Spider Graphs: Charting Basketball Statistics
Spider Graphs, as a method of analyzing basketball statistics, were developed by Roger Pimentel in 2009.
They’re a new way to reflect a player or team’s statistics in a visual way that gives you an overall impression of their style. They were created and first used by the author in evaluating matchups in the 2009 NBA Finals.
The top half of the graph represents offensive statistics (FG%, points, and assists), and the bottom half represents defense (steals, blocks, and rebounds—which we strongly feel are a defensive statistic). A player whose graph has more area up top should be considered a bigger contributor on offense, and a larger bottom half suggests a defensive focus.
To add another layer, the three upper-right statistics (points, assists, and steals) tend to be associated with perimeter players, whereas the bottom-left three (blocks, rebounds, and high FG%) tend to be the jurisdiction of big men.
Since the graphs use an ordinal system, it’s possible for the maximum values of each axis to change without damaging the integrity of the graph (so long as they remain roughly proportional). The NBA Spider Graph Generator uses maximum values of 35 points, 12 assists, 2.5 steals, 4 blocks, 18 rebounds, and 60% shooting. A zero score represents zero in every case except FG%, where zero on the graph represents about 30% shooting (to amplify differences between players). Prior articles on HTWS using Spider Graphs may use different maximums.
The graphs use maximum values of 40 points, 20 rebounds, 20 assists, 5 blocks, 5 steals, and 75% shooting, normalized so that they’re all on a scale from 0-100. A zero score represents zero in every case except FG%, where zero on the graph represents 25% shooting (to amplify differences between players).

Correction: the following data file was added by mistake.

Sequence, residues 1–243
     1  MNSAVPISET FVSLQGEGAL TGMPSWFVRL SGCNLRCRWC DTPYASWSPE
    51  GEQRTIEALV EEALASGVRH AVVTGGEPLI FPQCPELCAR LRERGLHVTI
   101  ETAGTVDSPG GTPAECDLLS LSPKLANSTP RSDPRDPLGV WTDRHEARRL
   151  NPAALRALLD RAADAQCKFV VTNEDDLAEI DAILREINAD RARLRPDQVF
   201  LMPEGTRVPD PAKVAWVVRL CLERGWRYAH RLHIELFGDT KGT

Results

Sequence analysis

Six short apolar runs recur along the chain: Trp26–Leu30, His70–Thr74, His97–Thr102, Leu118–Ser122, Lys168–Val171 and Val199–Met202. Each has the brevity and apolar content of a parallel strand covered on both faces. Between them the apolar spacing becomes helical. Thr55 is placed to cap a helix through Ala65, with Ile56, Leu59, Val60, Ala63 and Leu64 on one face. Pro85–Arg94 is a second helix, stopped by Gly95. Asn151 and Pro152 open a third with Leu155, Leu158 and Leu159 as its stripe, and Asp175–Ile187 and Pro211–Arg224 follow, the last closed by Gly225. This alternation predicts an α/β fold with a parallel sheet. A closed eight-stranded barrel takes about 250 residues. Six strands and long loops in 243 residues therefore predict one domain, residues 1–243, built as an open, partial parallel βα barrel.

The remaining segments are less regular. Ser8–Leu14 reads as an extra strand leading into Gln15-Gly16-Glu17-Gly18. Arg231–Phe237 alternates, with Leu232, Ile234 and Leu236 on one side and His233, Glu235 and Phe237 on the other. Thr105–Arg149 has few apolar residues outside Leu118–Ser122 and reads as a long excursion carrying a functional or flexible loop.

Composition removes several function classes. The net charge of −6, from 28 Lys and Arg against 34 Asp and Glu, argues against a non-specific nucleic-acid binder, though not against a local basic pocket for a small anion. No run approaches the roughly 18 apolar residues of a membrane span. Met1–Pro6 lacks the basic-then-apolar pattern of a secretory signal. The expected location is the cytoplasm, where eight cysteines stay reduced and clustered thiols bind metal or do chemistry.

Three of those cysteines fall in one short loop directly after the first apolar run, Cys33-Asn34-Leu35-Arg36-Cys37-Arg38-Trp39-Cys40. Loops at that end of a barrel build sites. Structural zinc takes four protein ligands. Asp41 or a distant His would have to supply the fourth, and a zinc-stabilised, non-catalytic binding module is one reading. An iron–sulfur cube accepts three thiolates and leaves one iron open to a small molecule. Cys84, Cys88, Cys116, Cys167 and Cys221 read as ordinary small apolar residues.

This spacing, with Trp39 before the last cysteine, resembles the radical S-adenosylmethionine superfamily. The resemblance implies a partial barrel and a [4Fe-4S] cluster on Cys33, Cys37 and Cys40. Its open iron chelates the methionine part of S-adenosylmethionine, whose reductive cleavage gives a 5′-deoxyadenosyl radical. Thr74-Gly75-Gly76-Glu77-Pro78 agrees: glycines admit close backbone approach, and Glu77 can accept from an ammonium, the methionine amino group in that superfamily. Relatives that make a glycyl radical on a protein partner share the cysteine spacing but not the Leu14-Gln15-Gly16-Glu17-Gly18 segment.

They are only meant to reflect past statistical performance, leaving out intangibles and change to a player’s game over time.
As an example, here’s Dwight Howard from 2008-2009.
Dwight epitomizes interior presence—and that’s reflected in the graph by the lower left statistics, high FG%, rebounds, and blocks.
He’s a strong offensive player, as shown by the decent-sized area in the top half of the graph. Where Howard is really a monster, however, is on the defensive end—and the area of the bottom half of his graph is accordingly larger.
Let’s do one more… Kobe Bryant, also from 2008-2009:
In contrast to Dwight’s big man graph, Kobe is stronger in the top-right three statistics, which is where perimeter players tend to come out to shine.
Likewise, while Kobe is a strong defender, he has always made his mark as a scorer and a playmaker. Accordingly, the top half of his graph dominates the bottom half.
Here are some articles with real-life applications of Spider Graphs:
Spider Graphs, like most graphical representations, are better for conveying an idea than giving hard numbers. This is especially true since Spider Graphs use normalized numbers, so each statistic is on a scale from 0-100.
One hazard of Spider Graphs is that using the area of a graph to determine the sheer impact of a player isn’t entirely accurate. The graphs punish a player who excels in one statistical category but not the statistic that is adjacent to it on the graph; for instance, a volume scorer who gets very few assists would have a large spike on the Points axis but then it would drop way back down on the Assists axis. In comparison, a player with mediocre Points and Assists numbers may actually have a graph with more area.
Another limitation is that each of the statistics can be used in either a per-game or per-minute way, except for field goal percentage. When graphing per-game statistics for a rarely-used player, it’s not uncommon for their graph to be right around zero on five of the axes, but then spike out on FG%—because even a player who plays two minutes a game can have an excellent FG% (though the rest of his numbers will be negligible).
Finally, there are likely better numbers that can be graphed, using advanced statistics. Spider Graphs would likely be much more accurate/useful if they were built on per-possession data. Further, FG% might be better replace by eFG% and the like. Feel free to email Roger if you have any thoughts along these lines (or if you know where to get per-possession data on a player-by-player basis). We’ll make a lot more progress by putting our heads together.
Questions/comments on Spider Graphs? Email Roger.